Josh Christianson is Co-Director of PEAT, overseeing its day-to-day activities and strategic initiatives. Prior to his role with PEAT, Josh worked at Deloitte Consulting, leading change management, technology and human capital initiatives at the Department of Health & Human Services as well as the Department of Veterans Affairs. While at Deloitte, Josh was a lead author of the report "Opening the Federal Talent Economy." Prior to Deloitte, Josh served as Career Program Manager for the Posse Foundation, a college access program focused on diversity and inclusion.
Discussions on Artificial Intelligence Dominate HR Tech 2019
The HR Technology Conference & Exposition (HR Tech) is one of the top global events showcasing emerging technologies and tools transforming the human relations (HR) industry. This year, platforms utilizing artificial intelligence (AI) continued to trend at HR Tech. The conference also infused a new focus on mitigating bias and ensuring that AI tools can align with corporate goals for diverse and inclusive hiring.
Our team observed three key themes for accessible technology and the impact of emerging technology on people with disabilities while participating in HR Tech 2019 in Las Vegas. These themes included AI activities at the forefront, C-suite support for access to emerging technology, and bridging gaps in inclusion in AI focuses.
Artificial Intelligence is Front and Center
HR Tech 2019 featured several sessions related to AI bias in emerging technology. Dmitri Krakovsky, the head of Hire for Google, emphasized that “AI will have the greatest impact when everyone can access it and when it is built with everyone’s benefit in mind.” Several other speakers at HR Tech 2019 outlined key strategies for mitigating the bias that AI can introduce into the hiring process. Himanshu Aggarwal, CEO & Co-founder of the AI-powered platform Aspiring Minds, described strategies for using AI responsibly.
Aggarwal and other speakers also noted that:
- AI measurements can offer broad indicators about a candidate’s qualifications, but humans need to be involved in the process for selecting data sets and evaluating the data to minimize and mitigate bias.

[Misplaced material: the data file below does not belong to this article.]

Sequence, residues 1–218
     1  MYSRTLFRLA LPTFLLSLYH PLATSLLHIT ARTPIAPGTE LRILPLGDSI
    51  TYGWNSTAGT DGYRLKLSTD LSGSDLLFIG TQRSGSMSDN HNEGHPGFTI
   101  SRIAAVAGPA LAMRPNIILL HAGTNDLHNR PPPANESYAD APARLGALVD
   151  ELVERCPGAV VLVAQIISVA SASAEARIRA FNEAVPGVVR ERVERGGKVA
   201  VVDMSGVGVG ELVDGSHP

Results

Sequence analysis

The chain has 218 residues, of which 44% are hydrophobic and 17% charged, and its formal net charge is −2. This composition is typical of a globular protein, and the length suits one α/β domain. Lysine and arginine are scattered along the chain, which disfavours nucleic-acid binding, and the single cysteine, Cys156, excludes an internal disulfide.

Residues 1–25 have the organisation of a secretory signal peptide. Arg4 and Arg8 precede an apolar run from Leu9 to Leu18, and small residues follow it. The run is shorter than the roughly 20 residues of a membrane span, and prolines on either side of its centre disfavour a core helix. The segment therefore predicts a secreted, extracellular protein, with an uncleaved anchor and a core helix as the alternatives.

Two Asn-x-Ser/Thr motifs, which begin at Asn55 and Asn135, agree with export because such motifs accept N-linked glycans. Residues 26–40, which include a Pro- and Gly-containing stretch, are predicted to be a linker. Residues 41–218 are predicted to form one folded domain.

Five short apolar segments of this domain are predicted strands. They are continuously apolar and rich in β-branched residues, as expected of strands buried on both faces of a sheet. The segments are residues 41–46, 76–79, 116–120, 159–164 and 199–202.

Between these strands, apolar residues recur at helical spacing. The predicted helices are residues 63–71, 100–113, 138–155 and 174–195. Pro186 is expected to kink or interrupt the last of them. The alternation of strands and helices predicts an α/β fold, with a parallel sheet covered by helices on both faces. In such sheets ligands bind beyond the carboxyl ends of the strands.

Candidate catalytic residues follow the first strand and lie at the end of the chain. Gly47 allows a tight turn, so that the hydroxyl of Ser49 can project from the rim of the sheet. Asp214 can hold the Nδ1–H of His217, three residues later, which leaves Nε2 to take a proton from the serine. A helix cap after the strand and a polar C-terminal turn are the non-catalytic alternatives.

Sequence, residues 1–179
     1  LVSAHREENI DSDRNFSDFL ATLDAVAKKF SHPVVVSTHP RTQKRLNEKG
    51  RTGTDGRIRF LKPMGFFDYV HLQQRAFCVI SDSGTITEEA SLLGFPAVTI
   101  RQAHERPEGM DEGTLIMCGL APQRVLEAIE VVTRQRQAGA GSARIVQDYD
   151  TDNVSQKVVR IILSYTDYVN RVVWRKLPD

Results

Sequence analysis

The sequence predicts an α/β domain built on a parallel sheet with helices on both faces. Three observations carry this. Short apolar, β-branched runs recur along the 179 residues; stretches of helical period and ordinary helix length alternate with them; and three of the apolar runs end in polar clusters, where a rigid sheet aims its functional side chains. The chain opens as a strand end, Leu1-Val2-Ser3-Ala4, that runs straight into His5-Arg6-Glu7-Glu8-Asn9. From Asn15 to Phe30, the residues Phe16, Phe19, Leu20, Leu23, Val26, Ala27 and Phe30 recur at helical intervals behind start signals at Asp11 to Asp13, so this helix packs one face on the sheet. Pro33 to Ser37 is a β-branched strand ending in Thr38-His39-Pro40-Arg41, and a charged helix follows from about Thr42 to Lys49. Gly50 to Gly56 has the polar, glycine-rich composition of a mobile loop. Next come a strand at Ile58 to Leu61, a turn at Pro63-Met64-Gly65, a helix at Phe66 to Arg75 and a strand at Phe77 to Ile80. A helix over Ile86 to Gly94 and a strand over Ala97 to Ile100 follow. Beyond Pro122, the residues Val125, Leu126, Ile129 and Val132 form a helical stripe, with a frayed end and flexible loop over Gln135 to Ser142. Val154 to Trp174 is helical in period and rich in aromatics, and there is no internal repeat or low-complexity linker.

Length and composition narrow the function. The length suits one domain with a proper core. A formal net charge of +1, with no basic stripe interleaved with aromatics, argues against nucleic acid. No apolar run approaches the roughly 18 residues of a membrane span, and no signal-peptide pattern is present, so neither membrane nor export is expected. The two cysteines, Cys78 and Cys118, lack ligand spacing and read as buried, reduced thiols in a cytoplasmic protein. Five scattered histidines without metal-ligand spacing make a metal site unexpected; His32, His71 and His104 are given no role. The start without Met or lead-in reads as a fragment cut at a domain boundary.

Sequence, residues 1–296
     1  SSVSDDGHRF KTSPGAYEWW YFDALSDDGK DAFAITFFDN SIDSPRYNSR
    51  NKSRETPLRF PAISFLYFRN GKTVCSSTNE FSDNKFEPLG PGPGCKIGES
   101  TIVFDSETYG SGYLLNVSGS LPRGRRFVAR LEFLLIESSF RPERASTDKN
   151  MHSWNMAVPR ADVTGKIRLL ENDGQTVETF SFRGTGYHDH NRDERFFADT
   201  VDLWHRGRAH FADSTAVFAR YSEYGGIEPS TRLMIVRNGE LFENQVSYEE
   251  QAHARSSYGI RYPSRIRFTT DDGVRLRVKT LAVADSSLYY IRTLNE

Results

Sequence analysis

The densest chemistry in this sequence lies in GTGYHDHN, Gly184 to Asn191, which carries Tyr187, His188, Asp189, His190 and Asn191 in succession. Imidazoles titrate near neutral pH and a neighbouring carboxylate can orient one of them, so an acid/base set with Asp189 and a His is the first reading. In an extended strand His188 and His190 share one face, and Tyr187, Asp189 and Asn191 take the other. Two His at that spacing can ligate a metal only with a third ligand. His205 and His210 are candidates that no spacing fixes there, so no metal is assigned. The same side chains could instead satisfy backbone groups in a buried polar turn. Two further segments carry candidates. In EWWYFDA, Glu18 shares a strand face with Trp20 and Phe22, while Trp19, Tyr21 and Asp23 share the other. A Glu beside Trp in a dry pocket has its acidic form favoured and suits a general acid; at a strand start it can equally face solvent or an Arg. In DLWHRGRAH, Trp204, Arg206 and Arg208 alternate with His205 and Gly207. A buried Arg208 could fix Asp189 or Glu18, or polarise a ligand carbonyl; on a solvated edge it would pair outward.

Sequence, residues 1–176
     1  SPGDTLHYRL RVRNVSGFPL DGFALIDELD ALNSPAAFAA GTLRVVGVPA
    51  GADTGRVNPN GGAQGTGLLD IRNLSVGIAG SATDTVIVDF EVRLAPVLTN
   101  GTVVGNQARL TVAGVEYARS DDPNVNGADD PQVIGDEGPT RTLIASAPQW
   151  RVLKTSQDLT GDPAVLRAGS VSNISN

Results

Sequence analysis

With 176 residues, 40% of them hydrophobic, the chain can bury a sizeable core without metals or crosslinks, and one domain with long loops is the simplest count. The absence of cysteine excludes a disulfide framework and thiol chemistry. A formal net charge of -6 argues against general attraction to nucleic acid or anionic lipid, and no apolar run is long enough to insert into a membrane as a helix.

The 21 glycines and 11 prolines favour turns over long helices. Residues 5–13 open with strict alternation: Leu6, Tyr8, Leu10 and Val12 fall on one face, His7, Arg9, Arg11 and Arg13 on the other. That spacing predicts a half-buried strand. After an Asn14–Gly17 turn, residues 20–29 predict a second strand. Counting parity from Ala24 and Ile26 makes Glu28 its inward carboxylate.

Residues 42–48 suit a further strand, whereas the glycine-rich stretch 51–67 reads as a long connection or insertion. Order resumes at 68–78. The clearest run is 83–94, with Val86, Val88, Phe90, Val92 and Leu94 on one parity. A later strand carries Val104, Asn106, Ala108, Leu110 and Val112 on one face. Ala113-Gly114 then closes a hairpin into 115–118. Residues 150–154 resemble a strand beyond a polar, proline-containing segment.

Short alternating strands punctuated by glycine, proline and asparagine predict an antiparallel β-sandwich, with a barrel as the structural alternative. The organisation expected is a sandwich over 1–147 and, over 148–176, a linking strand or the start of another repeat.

- The data measured and collected must be directly job-related; otherwise, companies may face increased risks for discrimination (intentionally or unintentionally).
John Sumser, Editor-in-Chief of HRExaminer (an online magazine), also illustrated the landscape of challenges presented by AI usage by adopting the metaphor of a fruit salad. He noted that AI programs can excel in identifying the individual ingredients that comprise the fruit said, while missing what he considers the best part entirely: “the mixed-up juice at the bottom.” Sumser also stressed that an AI system could mistakenly identify the polka dots on the fruit salad bowl as another ingredient. He offered this advice for working with AI-focused systems:
- AI is here, so start planning for it and include your legal team in the discussion.
- Be aware that machines may make major mistakes when using AI today.
- Machines can have biases pre-programmed in because they are designed intentionally with algorithms that can reflect the biases of their designers and developers.
C-Suite Support is Essential
HR professionals at HR Tech and elsewhere have increasingly viewed accessibility as a business imperative—but only when it is driven and championed at the executive level. Vendors at HR Tech noted that they only observed enthusiasm for accessibility from HR professionals themselves when corresponding commitment from leaders in the C-suite was also present. These experiences dovetailed with our team’s own understanding and insight into how to drive adoption of technology accessibility—that making forward progress requires solid support from top-level corporate leadership to be strongly effective.
Awareness of Disability Inclusion Lags in AI Discussions
When approached with questions about the AI behind their products, HR Tech vendors eagerly described their strategies for mitigating bias. However, most vendors only discussed how their strategies dealt with biases for gender and race. Few vendors showed sufficient knowledge of the issue to respond to this question in depth with respect to disability. We know from our work in promoting accessible workplace technology that people with disabilities represent a very heterogeneous group; this group contains many people considered outliers when compared with people without disabilities.
Thus, we find it very critical that these platforms pay careful attention to multi-factored dimensions of inclusion. We also find it imperative to recall wisdom from leaders like Jutta Treviranus, Director of the Inclusive Design Research Centre at OCAD University in Toronto, Canada. She notes that success in reducing disability-related biases in AI requires approaches rooted in the jagged starburst of human data—rather than simple bell curves.
HR Tech 2019 also reminded our team that awareness about the impact of emerging technology on people with disabilities remains the major immediate hurdle—especially when companies increasingly seek to benefit from inclusion of people with disabilities in the workplace. Unless HR systems align with diversity-focused hiring goals, companies will not fully realize the business advantages of hiring people with disabilities. In fact, new research from Accenture, Disability:IN, and the American Association of People with Disabilities showed that businesses leading in inclusion of people with disabilities saw a 28 percent gain in revenue. These organizations also witnessed a doubling of their net income and a 30 percent increase in economic profit margins.